Amazon Simple Storage Service
Developer Guide (API Version 2006-03-01)

Virtual Hosting of Buckets

In general, virtual hosting is the practice of serving multiple websites from a single web server. One way to differentiate sites is by using the apparent hostname of the request instead of just the path name part of the URI. An ordinary Amazon S3 REST request specifies a bucket by using the first slash-delimited component of the Request-URI path. Or, you can use Amazon S3 virtual hosting to address a bucket in a REST API call by using the HTTP Host header. In practice, Amazon S3 interprets Host as meaning that most buckets are automatically accessible (for limited types of requests) at Furthermore, by naming your bucket after your registered domain name and by making that name a DNS alias for Amazon S3, you can completely customize the URL of your Amazon S3 resources, for example,

Besides the attractiveness of customized URLs, a second benefit of virtual hosting is the ability to publish to the "root directory" of your bucket's virtual server. This ability can be important because many existing applications search for files in this standard location. For example, favicon.ico, robots.txt, crossdomain.xml are all expected to be found at the root.

Currently Amazon S3 supports virtual hosted-style and path-style access in all Regions but this will be changing (see the following Important note.) The path-style syntax requires that you use the Region-specific endpoint when attempting to access a bucket. For example, if you have a bucket called mybucket that resides in the Europe (Ireland) Region, you want to use path-style syntax, and the object is named puppy.jpg, the correct URI is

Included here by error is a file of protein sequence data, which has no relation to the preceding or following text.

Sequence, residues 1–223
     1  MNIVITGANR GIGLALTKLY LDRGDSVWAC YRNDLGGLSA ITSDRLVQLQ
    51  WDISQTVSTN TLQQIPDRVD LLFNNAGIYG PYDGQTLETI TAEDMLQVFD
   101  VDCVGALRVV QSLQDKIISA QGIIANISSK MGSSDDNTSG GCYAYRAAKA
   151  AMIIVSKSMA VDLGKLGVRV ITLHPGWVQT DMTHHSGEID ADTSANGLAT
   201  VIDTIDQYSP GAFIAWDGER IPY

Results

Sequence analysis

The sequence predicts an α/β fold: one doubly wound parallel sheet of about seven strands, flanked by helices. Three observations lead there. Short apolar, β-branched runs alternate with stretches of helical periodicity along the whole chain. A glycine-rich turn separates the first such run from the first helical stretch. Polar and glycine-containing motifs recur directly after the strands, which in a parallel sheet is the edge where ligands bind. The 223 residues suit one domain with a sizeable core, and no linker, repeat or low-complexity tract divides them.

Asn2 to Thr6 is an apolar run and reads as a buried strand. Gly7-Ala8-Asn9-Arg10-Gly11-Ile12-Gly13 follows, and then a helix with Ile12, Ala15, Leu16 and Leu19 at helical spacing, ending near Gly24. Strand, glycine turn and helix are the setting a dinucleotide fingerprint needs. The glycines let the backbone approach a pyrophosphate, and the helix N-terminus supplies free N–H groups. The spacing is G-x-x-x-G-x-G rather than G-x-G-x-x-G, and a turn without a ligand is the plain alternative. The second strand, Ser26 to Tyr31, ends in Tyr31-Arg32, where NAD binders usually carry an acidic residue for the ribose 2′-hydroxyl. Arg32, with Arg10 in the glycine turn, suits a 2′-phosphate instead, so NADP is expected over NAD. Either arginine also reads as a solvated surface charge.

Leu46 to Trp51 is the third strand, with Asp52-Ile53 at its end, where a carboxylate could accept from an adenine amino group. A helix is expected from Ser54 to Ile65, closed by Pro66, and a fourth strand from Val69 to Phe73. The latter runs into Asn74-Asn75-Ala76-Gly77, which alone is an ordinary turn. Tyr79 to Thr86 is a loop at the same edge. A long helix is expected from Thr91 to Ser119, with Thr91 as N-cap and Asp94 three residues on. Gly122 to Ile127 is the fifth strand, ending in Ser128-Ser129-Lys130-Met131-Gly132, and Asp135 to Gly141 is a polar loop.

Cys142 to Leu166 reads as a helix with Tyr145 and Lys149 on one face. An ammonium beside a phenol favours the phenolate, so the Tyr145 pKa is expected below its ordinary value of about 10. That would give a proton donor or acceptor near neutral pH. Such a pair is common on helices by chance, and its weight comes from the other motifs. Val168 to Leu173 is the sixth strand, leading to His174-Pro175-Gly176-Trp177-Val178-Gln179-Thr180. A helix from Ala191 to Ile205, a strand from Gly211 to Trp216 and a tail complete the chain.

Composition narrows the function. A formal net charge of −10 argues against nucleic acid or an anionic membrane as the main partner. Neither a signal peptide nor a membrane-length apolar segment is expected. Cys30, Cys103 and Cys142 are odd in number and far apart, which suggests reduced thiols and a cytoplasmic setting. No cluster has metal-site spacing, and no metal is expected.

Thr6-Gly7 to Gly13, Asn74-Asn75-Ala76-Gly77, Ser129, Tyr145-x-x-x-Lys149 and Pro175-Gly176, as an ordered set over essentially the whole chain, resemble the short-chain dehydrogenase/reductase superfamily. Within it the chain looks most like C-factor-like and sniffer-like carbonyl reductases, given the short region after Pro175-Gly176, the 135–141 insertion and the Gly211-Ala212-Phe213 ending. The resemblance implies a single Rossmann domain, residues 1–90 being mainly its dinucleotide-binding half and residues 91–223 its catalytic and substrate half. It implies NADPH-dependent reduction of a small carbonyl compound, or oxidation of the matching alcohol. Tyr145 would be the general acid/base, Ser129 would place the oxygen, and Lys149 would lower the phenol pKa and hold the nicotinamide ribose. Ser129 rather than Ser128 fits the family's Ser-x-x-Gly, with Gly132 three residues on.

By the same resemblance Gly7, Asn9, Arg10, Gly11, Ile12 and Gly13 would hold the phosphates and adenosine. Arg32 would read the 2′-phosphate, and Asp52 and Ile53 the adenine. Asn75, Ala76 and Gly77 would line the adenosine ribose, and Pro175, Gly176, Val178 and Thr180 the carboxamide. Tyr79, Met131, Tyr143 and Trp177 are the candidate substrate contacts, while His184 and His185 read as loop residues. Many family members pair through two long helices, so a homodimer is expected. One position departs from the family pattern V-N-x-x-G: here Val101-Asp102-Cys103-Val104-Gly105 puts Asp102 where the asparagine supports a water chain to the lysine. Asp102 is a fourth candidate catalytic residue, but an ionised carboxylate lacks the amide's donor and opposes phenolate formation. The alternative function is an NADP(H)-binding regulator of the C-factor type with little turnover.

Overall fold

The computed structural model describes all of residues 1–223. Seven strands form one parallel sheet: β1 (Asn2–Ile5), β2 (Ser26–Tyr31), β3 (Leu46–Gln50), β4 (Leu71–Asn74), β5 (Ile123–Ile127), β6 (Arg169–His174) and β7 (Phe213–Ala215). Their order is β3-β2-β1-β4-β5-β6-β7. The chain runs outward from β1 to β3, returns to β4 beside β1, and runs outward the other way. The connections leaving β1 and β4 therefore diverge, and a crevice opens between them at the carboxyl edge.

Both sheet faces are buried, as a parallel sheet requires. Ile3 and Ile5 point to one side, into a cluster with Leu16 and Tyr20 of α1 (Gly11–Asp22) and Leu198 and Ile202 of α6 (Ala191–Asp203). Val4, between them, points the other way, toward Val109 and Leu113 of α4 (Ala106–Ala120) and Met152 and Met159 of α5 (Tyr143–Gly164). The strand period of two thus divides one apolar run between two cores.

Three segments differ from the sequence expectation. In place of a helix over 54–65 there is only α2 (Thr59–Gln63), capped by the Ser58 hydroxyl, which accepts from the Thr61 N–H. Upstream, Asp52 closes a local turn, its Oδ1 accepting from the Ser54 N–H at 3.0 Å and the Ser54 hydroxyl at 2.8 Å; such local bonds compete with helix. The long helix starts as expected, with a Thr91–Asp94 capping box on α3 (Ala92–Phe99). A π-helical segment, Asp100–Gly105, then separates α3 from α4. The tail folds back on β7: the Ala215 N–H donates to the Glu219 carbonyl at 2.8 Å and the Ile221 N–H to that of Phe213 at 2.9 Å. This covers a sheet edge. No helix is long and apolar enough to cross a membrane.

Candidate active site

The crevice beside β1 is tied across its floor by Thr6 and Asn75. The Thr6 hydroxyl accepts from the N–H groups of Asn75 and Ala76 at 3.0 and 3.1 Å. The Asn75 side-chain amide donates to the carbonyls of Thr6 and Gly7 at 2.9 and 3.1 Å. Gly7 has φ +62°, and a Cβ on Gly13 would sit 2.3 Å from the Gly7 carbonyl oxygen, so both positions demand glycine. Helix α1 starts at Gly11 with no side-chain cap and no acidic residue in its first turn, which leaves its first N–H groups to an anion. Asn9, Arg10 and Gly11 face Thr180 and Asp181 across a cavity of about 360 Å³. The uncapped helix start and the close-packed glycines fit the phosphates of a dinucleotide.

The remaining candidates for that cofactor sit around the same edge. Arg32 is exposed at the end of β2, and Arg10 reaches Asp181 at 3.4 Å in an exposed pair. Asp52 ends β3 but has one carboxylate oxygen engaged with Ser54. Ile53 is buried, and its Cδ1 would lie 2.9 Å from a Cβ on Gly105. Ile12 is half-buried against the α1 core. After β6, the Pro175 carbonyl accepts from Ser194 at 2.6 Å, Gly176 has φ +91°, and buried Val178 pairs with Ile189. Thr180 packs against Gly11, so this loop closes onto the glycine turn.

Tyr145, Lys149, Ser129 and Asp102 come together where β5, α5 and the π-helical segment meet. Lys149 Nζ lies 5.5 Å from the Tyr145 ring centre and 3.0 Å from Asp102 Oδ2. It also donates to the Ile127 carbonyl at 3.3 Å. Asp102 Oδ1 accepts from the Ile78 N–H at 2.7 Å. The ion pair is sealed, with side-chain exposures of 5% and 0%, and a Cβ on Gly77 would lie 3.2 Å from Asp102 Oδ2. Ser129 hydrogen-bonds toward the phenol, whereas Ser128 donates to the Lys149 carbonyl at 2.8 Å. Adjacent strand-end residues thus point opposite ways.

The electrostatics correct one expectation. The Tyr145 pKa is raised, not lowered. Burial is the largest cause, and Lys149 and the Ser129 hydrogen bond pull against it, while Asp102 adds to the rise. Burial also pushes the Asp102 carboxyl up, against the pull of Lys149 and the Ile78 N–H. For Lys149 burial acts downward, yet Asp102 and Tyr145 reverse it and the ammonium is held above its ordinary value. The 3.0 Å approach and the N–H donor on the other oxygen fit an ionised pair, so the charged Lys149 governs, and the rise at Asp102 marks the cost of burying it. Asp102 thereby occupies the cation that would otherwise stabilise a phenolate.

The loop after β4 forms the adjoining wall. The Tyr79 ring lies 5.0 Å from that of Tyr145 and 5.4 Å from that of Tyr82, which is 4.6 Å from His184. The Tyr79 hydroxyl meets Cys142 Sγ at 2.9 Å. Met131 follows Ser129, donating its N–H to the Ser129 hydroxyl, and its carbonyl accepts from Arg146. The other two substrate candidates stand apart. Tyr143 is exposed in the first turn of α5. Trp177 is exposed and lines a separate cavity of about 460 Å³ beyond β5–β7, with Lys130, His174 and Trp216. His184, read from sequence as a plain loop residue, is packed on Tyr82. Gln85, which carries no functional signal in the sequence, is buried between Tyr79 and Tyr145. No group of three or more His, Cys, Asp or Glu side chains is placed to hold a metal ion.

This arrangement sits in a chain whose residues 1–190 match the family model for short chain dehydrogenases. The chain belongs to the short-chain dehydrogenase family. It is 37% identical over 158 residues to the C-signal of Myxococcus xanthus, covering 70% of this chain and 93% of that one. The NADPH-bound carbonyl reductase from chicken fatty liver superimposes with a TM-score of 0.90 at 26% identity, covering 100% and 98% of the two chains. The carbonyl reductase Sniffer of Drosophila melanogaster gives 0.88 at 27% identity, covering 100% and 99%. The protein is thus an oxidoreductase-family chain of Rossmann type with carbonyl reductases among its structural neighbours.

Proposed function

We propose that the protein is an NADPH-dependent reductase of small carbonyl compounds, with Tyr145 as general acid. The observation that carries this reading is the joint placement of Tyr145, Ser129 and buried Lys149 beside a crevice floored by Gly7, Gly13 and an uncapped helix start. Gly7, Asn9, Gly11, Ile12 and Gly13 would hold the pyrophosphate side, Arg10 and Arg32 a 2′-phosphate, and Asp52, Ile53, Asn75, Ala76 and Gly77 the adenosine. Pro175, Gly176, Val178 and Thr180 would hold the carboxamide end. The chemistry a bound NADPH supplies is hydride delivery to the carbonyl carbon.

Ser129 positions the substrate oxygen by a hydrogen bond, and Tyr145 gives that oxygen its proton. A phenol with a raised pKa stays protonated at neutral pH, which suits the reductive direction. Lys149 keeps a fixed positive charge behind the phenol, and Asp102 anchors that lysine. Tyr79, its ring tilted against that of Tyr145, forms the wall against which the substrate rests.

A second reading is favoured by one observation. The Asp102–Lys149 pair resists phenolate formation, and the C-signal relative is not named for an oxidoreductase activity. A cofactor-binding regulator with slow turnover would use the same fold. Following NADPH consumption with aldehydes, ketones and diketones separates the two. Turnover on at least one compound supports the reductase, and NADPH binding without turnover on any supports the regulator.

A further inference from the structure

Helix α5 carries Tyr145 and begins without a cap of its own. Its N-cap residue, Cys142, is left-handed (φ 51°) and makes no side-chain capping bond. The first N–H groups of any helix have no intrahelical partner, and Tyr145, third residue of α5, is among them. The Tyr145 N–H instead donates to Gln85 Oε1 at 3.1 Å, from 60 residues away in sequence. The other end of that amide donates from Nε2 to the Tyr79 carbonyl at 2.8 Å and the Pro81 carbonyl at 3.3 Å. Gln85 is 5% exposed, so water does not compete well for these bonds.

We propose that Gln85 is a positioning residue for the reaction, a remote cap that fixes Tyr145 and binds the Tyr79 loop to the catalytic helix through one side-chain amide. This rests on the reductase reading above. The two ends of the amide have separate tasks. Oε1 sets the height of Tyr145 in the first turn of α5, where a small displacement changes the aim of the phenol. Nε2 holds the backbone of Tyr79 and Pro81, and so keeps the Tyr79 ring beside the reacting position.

You will receive an HTTP response code 307 Temporary Redirect error and a message indicating what the correct URI is for your resource if you try to access a bucket outside the US East (N. Virginia) Region with path-style syntax that uses either of the following:


  • An endpoint for a Region different from the one where the bucket resides. For example, if you use for a bucket that was created in the US West (N. California) Region.


Buckets created after September 30, 2020, will support only virtual hosted-style requests. Path-style requests will continue to be supported for buckets created on or before this date. For more information, see Amazon S3 Path Deprecation Plan – The Rest of the Story.

If you use the US East (N. Virginia) endpoint ( instead of the Region-specific endpoint (for example,, Amazon S3 routes any virtual hosted–style requests to the US East (N. Virginia) Region by default. When you create a bucket in any Region that was launched before March 20, 2019, Amazon S3 updates the DNS to reroute the request to the correct location, which might take time. In the meantime, the default rule applies and your virtual hosted–style request goes to the US East (N. Virginia) Region. Amazon S3 then redirects it with an HTTP 307 redirect to the correct Region.

For S3 buckets in Regions launched after March 20, 2019, the DNS doesn't route your request directly to the AWS Region where your bucket resides. It returns an HTTP 400 Bad Request error instead.

For more information, see Request Redirection and the REST API.

When using virtual hosted–style buckets with SSL, the SSL wild-card certificate only matches buckets that do not contain periods. To work around this, use HTTP or write your own certificate verification logic.

HTTP Host Header Bucket Specification

As long as your GET request does not use the SSL endpoint, you can specify the bucket for the request by using the HTTP Host header. The Host header in a REST request is interpreted as follows:

  • If the Host header is omitted or its value is '', the bucket for the request will be the first slash-delimited component of the Request-URI, and the key for the request will be the rest of the Request-URI. This is the ordinary method, as illustrated by the first and second examples in this section. Omitting the Host header is valid only for HTTP 1.0 requests.

  • Otherwise, if the value of the Host header ends in '', the bucket name is the leading component of the Host header's value up to ''. The key for the request is the Request-URI. This interpretation exposes buckets as subdomains of, as illustrated by the third and fourth examples in this section.